Research InterestsI am interested in how biological diversity evolves and is maintained. I am currently focusing on two main questions:
1. To what extent does local adaptation play a role in speciation?The
differentiation of populations into distinct species can be the result
of local adaptation pushing populations apart, can be due to drift and other neutral
evolutionary processes, or most likely, a combination of both. I am trying to understand which evolutionary forces
are responsible for the diversifications of the white proteas in South
Africa. The white proteas are a small subgenus (6 species)
within the genus Protea,
which are endemic to the Cape Floristic Region in southwestern South
Africa. The environments in which they live vary in water and
availability so I am investigating the degree to which differentiation
in traits associated with their use has been associated with speciation
events. I am doing this by comparing patterns of variation in
genetic markers with variation in water and nutrient related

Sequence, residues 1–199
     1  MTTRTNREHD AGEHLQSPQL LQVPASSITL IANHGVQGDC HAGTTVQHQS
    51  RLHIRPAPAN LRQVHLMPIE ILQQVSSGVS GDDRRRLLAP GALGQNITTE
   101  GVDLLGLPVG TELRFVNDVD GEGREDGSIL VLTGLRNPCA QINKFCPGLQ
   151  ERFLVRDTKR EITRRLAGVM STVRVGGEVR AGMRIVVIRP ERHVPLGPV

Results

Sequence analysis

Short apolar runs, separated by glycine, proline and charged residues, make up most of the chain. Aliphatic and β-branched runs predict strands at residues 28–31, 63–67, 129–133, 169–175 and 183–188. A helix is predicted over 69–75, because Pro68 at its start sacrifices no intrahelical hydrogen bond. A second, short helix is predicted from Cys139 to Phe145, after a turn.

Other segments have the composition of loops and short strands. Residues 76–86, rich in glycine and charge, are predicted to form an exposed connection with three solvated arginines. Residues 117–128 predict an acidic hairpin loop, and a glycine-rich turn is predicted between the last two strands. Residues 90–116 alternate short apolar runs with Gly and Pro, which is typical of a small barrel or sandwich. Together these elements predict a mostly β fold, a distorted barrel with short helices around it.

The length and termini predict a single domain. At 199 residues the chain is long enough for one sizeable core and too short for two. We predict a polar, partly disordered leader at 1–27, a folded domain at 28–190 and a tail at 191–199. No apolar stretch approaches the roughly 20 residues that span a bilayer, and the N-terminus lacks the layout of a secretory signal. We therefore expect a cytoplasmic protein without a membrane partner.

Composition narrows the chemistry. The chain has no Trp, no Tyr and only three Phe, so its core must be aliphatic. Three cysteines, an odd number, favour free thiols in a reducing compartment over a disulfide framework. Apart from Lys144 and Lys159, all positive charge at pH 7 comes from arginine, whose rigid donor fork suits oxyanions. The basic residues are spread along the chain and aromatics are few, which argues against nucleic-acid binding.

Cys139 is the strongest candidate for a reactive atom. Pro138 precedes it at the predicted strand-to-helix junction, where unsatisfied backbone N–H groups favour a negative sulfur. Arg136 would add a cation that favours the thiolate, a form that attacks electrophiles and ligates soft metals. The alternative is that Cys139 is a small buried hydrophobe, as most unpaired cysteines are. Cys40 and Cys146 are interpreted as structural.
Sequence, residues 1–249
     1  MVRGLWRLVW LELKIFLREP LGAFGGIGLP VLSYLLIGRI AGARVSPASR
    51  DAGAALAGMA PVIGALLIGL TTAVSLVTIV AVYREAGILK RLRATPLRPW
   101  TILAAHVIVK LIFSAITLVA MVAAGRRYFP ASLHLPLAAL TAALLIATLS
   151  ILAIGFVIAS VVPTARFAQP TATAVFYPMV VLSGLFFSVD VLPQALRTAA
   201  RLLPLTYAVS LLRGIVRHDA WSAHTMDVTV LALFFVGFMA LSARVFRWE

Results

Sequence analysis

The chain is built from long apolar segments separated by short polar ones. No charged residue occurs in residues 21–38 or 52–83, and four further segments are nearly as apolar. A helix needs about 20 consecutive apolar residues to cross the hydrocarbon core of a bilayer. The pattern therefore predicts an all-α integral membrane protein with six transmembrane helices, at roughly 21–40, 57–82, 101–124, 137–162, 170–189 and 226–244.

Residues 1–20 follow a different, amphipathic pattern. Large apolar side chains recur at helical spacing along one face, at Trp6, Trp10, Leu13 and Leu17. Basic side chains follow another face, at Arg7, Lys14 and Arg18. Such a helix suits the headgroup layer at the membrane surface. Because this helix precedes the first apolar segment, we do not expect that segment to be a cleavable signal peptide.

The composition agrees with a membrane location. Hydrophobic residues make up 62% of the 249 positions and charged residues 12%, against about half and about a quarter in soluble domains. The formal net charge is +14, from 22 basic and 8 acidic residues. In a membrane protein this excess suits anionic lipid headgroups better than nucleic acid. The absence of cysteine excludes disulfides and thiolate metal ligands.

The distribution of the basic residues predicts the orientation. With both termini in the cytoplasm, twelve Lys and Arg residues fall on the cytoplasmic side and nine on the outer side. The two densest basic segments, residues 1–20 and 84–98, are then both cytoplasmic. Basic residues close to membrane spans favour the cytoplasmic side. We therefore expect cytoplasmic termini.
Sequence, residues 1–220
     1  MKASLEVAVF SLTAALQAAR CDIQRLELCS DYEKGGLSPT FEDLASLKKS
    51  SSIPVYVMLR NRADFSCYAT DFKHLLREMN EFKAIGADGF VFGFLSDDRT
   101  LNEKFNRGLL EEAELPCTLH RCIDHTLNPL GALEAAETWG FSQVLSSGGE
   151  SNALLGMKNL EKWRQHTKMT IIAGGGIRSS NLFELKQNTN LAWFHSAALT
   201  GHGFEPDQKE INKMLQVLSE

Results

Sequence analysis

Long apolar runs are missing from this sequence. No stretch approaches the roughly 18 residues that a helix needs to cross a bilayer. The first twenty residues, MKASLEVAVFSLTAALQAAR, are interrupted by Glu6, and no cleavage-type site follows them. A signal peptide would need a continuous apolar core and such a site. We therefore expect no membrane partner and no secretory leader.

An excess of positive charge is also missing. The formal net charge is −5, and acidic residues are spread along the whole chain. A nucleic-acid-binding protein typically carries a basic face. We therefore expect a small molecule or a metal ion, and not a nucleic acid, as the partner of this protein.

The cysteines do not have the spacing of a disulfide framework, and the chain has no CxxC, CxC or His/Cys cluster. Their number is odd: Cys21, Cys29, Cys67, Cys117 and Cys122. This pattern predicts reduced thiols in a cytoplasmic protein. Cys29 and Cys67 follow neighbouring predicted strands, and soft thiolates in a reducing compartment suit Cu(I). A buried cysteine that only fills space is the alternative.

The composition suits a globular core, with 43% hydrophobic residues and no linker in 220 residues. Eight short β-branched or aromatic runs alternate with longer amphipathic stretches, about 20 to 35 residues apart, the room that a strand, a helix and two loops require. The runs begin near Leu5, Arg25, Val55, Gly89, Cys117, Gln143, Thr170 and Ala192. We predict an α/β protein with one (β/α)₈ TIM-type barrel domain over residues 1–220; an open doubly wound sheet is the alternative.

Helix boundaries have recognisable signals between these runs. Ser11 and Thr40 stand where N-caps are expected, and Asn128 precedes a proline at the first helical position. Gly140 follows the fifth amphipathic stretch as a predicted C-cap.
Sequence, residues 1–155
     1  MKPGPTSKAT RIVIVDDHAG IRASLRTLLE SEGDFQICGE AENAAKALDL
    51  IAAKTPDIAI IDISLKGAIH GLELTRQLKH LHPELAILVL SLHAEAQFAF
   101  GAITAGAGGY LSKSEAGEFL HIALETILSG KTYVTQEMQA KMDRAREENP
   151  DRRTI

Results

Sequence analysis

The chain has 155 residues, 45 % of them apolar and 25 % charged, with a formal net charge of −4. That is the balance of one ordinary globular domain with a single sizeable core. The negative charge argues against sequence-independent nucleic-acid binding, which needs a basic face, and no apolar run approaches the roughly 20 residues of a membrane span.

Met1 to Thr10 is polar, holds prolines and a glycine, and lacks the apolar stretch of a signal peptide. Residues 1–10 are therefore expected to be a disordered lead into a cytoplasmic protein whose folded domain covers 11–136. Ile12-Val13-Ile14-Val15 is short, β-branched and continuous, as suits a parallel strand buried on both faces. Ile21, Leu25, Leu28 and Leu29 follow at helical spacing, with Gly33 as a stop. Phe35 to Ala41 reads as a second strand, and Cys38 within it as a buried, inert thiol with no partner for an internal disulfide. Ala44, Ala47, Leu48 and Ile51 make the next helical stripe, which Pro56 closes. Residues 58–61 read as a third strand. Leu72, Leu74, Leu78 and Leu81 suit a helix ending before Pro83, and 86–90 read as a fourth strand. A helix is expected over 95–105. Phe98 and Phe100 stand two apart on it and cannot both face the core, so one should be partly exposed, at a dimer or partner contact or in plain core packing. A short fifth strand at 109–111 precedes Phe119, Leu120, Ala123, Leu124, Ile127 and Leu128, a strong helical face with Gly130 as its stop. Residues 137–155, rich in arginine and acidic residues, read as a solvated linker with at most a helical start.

traits. I will then relate these to soil and climate
characteristics of their home
2. Community assembly of the Cape floraI became interested in the questions of how communities are assembled through a side project on Pelargonium,
a diverse genus in the Cape Floristic region. Pelargoniums vary
in many ways, including leaf morphology and floral morphology, but most spectacularly in their body plans. They range from
shrubs, to subshrubs, to stem succulents to acaulescent geophytes.
They can live in close proximity to each other, sometimes within
inches. I am interested in exploring how it is that pelargoniums
can share space. Do they tend to be found near closely
related species, or more distantly related species? I, together
with collaborators, am investigating this question at two scales.
The first is at the scale of the individual. How far from
each individual do we find their nearest conspecific pelargonium?
How far from each individual do we find their nearest
heterospecific pelargonium? The second scale is across western
South Africa. We will explain the degree to which the
co-occurrence of species is explained by genetic distance and
morphological differences between the species. We will then be
able to address the question of how community assembly processes differ
at different scales.
I am also interested in exploring similar questions within the genus Protea. The presence or absence of every protea species at 60, 000 locations in South Africa has been mapped in the Protea Atlas Project.
These data will allow us to very throughly investigate the
relative importance of different community assembly processes, such as
selection and competition, at a wide variety of scales, ranging from 1/4
degree radius plots to larger landscape scales.